Mumbet Past Comments

Subject: thank you
Date: Thu, 11 Mar 1999
From: “Barry Collum”

I just wanted to thank you for creating the Mumbet page. Im doing school research, and found hardly anything on Elizabeth Freeman except for your site, and links from it! Thanks Again.

From: “Barry Collum”
Subject: me again.
Date: Mon, Mar 29, 1999, 6:50 PM

Just wanted to really let you know that I REALLY appreciate this site of yours. -Collum

Reply from the webmaster
Date: March 29, 1999

Dear Barry, You are welcome. I posted your last comment on mumbet.com in the comments section. You are the lone comment. I appreciated your comment very much.

From: “Walter Schirmer”
To: webmaster
Subject: Additional information

Date: Wed, Apr 14, 1999, 3:18 PM

I have extensively searched the Web and am grateful for your information. Elizabeth “Mumbet” Freeman isn’t mentioned on most of the “Black” sites I tried, but I’ve managed to build a “net” of connections. Let me know if you’re interested. Thanks again for posting!

Reply from the webmaster
I’m interested.

From: swpub
To: webmaster
Subject: mumbet
Date: Mon, Oct 11, 1999, 5:11 PM

Dear Brady Barrows:

I’ve found your website on Mumbet very helpful (and inspiring). I am writing a book for John Wiley & Sons that features biographical sketches of about 14 extraordinary colonial women — she, of course, is one of them. (I had only seen brief notations about her in a women’s history book, and was happy to see her name in cyber-lights.) I’m trying to locate an address, number or e-mail address for the Masssachusetts Historical Society, so that I can request permission to use the wonderful oil painting of Mumbet. For some reason it’s available via long-distance info — and can’t find on web. If you have that and don’t mind sharing, I’d be grateful. If not, don’t worry. I’ll find it. Mostly I wanted to say congratulations on a terrific site! Mary R. Furbee

Dear Mary R. Furbee:

Glad you enjoyed the site. It is about time that someone else places Mumbet in history. The Massachusetts Historical Society is in Boston. There is a link on my web page to their web site. It is masshist.org. You can see an enlarged image of the 1811 watercolor of Mumbet on my web site. I had to get permission from MHS to use it and pay a fee. Her image is being used on some other web sites without permission. Much success with your book. I would be interested in knowing more about it when published. —BB

From: swpub
To: “Brady Barrows” < brady@mumbet.com>
Subject: mumbet
Date: Fri, Oct 22, 1999, 1:02 PM

Dear Brady: Do you happen to have any idea what Mumbett’s daughter’s name was, and if she went with her to the Sheffields? Do you happen to know what happened to Brom? Thanks much, Mary R. Furbee, Writer & Instructor, 1 Bryson Street, Morgantown, WV 26505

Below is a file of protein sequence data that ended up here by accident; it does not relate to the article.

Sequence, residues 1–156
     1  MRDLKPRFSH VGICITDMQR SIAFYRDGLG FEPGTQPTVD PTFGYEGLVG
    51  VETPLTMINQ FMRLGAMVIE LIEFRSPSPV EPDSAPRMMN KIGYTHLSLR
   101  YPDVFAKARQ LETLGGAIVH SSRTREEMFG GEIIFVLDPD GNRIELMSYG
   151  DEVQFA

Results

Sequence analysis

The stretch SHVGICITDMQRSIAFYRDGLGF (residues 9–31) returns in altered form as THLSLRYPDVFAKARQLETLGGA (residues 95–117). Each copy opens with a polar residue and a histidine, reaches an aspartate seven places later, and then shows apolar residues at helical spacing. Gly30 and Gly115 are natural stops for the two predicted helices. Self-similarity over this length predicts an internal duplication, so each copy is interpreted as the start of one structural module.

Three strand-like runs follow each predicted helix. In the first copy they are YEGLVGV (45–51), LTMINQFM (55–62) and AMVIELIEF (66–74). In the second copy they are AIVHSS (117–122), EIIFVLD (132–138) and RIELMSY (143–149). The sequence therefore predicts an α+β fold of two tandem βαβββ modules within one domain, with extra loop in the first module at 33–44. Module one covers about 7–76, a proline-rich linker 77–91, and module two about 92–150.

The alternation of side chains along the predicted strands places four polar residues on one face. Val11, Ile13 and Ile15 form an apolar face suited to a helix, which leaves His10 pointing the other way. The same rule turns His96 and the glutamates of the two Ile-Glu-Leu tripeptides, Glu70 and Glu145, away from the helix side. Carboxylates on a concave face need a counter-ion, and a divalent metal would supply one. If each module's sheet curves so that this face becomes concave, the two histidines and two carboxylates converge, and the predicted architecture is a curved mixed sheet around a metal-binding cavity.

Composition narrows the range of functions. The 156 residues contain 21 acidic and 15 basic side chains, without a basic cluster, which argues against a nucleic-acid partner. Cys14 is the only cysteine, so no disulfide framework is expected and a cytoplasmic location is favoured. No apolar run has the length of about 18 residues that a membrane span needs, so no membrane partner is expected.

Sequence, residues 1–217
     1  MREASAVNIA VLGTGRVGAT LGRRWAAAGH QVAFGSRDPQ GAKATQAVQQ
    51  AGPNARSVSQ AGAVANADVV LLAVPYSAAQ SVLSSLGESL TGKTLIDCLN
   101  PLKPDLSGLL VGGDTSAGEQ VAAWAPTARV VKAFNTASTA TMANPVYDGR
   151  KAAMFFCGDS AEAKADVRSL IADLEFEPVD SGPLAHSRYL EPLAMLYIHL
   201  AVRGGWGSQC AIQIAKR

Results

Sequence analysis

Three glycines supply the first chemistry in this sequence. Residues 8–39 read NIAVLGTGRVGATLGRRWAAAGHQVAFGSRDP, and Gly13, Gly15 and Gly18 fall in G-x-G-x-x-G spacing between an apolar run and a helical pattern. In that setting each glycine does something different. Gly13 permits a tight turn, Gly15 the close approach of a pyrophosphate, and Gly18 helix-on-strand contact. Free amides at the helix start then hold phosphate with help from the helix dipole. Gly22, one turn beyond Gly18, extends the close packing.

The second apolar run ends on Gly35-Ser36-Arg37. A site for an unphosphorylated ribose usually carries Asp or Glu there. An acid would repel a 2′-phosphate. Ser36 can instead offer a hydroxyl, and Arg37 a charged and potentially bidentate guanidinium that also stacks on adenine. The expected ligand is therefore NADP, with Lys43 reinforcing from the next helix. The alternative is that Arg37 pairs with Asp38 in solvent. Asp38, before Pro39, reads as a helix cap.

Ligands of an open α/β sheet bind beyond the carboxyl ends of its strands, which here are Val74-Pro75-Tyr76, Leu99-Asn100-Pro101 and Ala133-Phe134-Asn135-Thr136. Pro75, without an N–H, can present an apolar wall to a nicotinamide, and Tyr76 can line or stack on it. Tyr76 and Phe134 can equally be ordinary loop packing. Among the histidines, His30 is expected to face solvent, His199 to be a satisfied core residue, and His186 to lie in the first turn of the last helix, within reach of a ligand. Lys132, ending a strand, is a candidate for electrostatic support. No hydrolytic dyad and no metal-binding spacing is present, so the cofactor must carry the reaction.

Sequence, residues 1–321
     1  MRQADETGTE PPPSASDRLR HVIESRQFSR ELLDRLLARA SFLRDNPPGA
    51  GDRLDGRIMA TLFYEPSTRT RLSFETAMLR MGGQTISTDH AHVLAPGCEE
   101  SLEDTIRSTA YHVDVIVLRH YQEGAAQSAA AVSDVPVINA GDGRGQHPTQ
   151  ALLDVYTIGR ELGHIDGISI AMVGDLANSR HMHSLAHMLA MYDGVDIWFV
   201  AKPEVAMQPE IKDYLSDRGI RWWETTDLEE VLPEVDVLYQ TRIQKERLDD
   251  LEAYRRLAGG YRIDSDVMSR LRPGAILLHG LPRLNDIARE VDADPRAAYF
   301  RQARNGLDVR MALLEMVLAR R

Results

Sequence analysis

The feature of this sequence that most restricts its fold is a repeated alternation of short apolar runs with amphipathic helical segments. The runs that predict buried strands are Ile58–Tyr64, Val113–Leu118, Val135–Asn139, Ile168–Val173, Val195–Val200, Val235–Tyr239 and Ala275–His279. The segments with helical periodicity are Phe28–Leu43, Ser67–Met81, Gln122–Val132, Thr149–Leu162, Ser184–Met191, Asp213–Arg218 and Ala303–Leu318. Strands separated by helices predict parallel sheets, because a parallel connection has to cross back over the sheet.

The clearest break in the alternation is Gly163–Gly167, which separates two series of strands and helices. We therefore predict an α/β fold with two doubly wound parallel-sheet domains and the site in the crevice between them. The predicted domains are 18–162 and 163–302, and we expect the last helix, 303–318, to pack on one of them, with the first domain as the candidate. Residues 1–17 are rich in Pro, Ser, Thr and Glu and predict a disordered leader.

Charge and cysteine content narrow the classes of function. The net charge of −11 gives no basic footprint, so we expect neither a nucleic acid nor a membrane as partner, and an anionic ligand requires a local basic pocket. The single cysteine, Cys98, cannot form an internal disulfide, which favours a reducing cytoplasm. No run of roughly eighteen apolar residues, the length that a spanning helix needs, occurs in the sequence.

Reply From: webmaster
Date: Oct. 23. 1999
Mary R. Furbee: Two very good questions which I have wondered about. I am still looking into it myself. If you find out, let me know. —Brady

[In Mumbet’s Will she mentions the name of her daughter as Elizabeth]

Reply From:swpub
Date: Oct. 23. 1999

Sure thing, MRF

From: Mmse44
To: webmaster
Date: Wed, Jan 5, 2000, 11:54 PM

Dear Website,

Why was the bracelet so important to mumbet? I liked your website because it is cool and interesring. I couldn’t find any other website on Mumbet. your friendly reasearcher, Sara

Date: Jan.7, 2000

Sara: All I know is that the bracelet was originally a necklace which was given to Mumbet pictured in the 1811 watercolor that she is wearing. Catherine Sedgewick had the necklace made into the bracelet and the Mass. Historical Society has possession of the bracelet. There are links to Mumbet on my website which you can refer and many articles which you can look up.

Brady Barrows

From: “Mary Wilds”
To:
Subject: col/mumbet book
Date: Sat, 23 Jun 2001

Hi, I thought the books on colonial and frontier women of America below might be of interest. Elizabeth Freeman has her own chapter! Thanks much. MRF

— They were puritan preachers,eastern aristocrats, native chiefs, and backwoods settlers. They were English, Scottish, African and Indian. They were rich, poor, slave and free. They were committed to a rebel cause — or loyal to a distant king.

Outrageous Women of Colonial America by Mary Furbee of Morgantown, West Virginia, features several remarkable founding mothers from throughout the 13 colonies. Published by John Wiley & Sons, the paperback book is geared

for children age 10-15 and was released in March.

Shawnee Capitive: The Story of Mary Ingles, a second book by Furbee, has also been released by Morgan Reynolds Publishing of North Carolina. The book features a western Virginia woman captured by the Shawnee during the French and Indian War, who made a dramatic journey back home,by foot in winter. The Ingles book is the first release in a series of forthcoming hardback

biographies of frontier appalachian women for children ages 8-12. Other books in the series will profile Nancy Ward, beloved woman of the Cherokee, and Anne Bailey, a frontier scout on early western frontier.

Outrageous Women of Colonial America features 14 women of diverse regions, races, professions and backgrounds.Some of the featured women, for example First Lady Abigail Adams and religious dissident Anne Hutchinson, are well-known historical figures.

Others profiled are comparatively obsure, for example the Wampanoag chief Weetamoo of New England who led her tribe in battle against encroaching white settlers, Anne Bailey a female scout on thewestern Virginia frontier during the “Indian Wars,” Esther Reed, a

Philadelphia-based fundraiser for the Americans, and the Loyalist Peggy Arnold, as much a spy as her notorious husband, Benedict.

Furbee is a clinical instructor and public-relations specialist at the West Virginia University School of Journalism, and this is her fourth

children’s book. Her other books include Women of the American Revolution (Lucent) and her forthcoming books include Anne Bailey: Frontier Scout (Morgan Reynolds); Wild Rose: the Story of Nancy Ward (Morgan Reynolds); and

Outrageous Women of the American Frontier (John Wiley).

FOR MORE INFO CONTACT THE PUBLISHERS (wiley.com; morganreynolds.com; lucentbooks.com)

OR CONTACT THE AUTHOR:

Mary Rodd Furbee, WVU Clinical Instructor/Author
112 Martin Hall, School of Journalism
West Virginia University

From: “Ann-Elizabeth Barnes”
To: webmaster
Subject: Mumbet
Date: Fri, 6 Jul 2001